This is a really good primer on all the pieces that make up the Houdini approach to CSS—giving authors access to low-level APIs for rendering.

As is often repeated here, it’s still early days and caution is advised, but it’s still a good idea to wrap your head around what’s coming down the standards pipe.

There’s even more specs in Houdini’s list of drafts, but the future of those is rather uncertain and they are not much more than a placeholder for an idea at this point. Examples include custom overflow behaviors, CSS syntax extension API, extension of native scroll behavior and similar ambitious things that allow you to screw up your web app even worse than ever before. Rejoice!

Developer Resources : Microsoft Edge Dev

Microsoft are officially on board with implementing Service Workers in Edge:

Roadmap Priority: High — We intend to begin development soon.

WTF Opera Mini?!

The proxy browser Opera Mini is one of the most popular mobile browsers in the world, and rightly so. Ire Aderinokun has put together a handy collection—based on caniuse.com data—of all the features that are unavailable or only partially available in that browser. The point here is not to avoid using these features, but to make sure you’ve got a solid fallback in place:

This isn’t about bashing the problem, but figuring out the solution.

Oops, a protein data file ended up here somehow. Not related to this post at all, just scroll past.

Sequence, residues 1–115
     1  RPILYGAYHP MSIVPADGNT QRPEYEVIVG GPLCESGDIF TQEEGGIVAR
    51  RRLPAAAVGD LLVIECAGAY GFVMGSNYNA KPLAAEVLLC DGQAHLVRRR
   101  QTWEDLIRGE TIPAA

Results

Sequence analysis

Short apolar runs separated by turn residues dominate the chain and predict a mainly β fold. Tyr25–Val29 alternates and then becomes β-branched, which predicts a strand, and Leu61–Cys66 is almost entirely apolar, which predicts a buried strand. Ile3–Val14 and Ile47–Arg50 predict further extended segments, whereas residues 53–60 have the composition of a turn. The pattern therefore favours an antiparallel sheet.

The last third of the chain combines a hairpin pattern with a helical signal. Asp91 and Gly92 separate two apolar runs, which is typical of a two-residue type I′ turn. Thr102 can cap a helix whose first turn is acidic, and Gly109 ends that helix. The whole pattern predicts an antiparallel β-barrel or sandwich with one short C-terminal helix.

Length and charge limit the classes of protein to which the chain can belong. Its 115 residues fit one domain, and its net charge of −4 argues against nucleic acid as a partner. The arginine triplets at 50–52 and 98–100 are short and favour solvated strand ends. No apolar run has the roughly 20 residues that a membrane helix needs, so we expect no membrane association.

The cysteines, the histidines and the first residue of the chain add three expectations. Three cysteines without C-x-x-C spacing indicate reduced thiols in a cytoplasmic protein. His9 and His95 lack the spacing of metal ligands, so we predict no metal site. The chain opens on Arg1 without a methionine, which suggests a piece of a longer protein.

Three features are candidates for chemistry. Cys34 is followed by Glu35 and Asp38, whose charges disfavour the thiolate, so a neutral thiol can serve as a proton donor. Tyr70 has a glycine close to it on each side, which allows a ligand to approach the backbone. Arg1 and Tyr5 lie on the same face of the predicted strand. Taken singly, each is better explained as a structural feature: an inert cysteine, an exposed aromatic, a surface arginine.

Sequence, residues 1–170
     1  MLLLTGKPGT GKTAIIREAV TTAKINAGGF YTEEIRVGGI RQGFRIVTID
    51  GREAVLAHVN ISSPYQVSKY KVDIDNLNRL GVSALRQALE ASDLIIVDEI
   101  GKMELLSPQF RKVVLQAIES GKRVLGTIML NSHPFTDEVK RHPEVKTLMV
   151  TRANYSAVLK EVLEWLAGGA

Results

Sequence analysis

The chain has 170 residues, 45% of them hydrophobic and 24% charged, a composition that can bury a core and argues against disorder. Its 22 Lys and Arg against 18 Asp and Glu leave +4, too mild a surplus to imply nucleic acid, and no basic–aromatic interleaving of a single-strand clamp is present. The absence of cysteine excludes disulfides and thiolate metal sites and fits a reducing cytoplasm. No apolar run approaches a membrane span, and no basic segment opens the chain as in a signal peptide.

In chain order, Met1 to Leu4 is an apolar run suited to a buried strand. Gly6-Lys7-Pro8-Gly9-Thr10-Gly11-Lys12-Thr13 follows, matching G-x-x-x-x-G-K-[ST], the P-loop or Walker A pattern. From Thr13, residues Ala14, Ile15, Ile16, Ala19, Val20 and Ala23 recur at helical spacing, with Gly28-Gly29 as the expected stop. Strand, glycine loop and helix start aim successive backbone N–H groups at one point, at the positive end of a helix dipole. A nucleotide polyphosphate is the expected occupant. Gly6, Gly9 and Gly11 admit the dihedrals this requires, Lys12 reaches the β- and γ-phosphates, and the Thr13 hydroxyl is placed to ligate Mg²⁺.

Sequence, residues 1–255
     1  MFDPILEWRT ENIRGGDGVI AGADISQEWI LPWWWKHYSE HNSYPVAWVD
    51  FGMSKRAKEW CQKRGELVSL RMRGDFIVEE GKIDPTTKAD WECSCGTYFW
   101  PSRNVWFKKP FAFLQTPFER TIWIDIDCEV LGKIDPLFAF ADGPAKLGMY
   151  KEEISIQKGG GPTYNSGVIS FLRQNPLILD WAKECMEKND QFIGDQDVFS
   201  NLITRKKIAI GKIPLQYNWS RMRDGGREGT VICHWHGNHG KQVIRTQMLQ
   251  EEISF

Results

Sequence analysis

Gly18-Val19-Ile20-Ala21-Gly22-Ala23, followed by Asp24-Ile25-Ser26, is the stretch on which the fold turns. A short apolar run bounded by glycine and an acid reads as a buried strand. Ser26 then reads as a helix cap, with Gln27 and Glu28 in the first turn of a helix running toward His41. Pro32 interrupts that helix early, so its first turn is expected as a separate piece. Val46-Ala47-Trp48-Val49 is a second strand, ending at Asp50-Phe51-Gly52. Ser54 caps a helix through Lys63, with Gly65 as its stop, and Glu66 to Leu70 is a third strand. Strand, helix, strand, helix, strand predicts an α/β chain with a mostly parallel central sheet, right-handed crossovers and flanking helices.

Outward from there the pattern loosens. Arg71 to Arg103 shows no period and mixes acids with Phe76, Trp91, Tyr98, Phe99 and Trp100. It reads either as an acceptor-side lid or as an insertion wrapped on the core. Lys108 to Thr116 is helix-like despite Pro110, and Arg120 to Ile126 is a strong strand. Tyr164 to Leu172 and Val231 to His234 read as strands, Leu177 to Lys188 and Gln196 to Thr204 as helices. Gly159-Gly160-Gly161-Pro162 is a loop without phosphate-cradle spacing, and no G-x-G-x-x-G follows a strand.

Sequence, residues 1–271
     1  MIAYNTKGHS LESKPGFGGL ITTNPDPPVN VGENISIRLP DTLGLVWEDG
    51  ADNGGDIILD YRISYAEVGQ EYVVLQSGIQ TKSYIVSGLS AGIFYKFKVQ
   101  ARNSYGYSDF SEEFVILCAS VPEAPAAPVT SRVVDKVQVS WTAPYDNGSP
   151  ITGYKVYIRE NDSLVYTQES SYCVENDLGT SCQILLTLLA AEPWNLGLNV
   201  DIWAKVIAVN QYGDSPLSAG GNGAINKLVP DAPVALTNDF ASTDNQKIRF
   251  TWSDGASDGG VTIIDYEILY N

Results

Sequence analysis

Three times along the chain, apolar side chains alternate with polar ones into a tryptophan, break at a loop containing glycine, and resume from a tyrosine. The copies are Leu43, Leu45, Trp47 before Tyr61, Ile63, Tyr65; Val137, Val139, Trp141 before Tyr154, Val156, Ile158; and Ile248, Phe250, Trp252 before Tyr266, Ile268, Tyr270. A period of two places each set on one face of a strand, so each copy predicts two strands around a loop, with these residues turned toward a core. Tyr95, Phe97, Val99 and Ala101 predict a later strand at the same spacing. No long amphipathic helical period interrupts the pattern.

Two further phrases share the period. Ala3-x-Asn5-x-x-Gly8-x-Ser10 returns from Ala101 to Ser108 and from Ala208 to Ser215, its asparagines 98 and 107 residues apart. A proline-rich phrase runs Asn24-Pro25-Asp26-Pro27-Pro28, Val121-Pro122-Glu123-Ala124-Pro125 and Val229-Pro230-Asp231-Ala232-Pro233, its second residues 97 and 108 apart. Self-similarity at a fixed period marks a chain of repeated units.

The App-ocalypse: Can Web standards make mobile apps obsolete? | Ars Technica

I really, really want to like this article—it’s chock full of confirmation bias for me. But it’s so badly-written …I mean like, just the worst.

Here’s an actual sentence:

So with a capable, HTML-based platform and a well-designed program that makes good use of CSS, one site could support phones, tablets, PCs, and just about anything else with one site.

So, yeah, I’m still linking to it, but instead of it being for the content, it’s because I want to lament the dreadful state of technology writing.

Web History Primer

Written in 2001, this history of the web takes in CERN, hypertext, the ARPANET, SGML, and lots more.

CSS Font Rendering Controls Module Level 1

This is already starting to land in browsers, which makes me very happy—the ability to specify how you want fonts to load/swap without needing a clever bit of JavaScript.

The web will always be a moving target : Eclectic Dreams


It would be convenient to think that because we live in a world where people’s browsers are regularly updating, that we live in a world where the web is in a reliable state.


The web is a continually moving target. It probably changed in the time it took me to write this. If you work with web stuff you need to embrace this fact. It will be the only constant in your career.

Do not panic:

On the web progressive enhancement is and will always be, the methodology of choice. It makes your site robust to the shifting sands of the web front end.

Native or Not? The Untapped Power of Web Apps | Viget

Following on from that last link, here’s an in-depth run-down of what you can do in mobile browsers today. I think a lot of people internalised “what you can’t do on the web” a while back—it’s well worth periodically revisiting the feature landscape to revise that ever-shrinking list.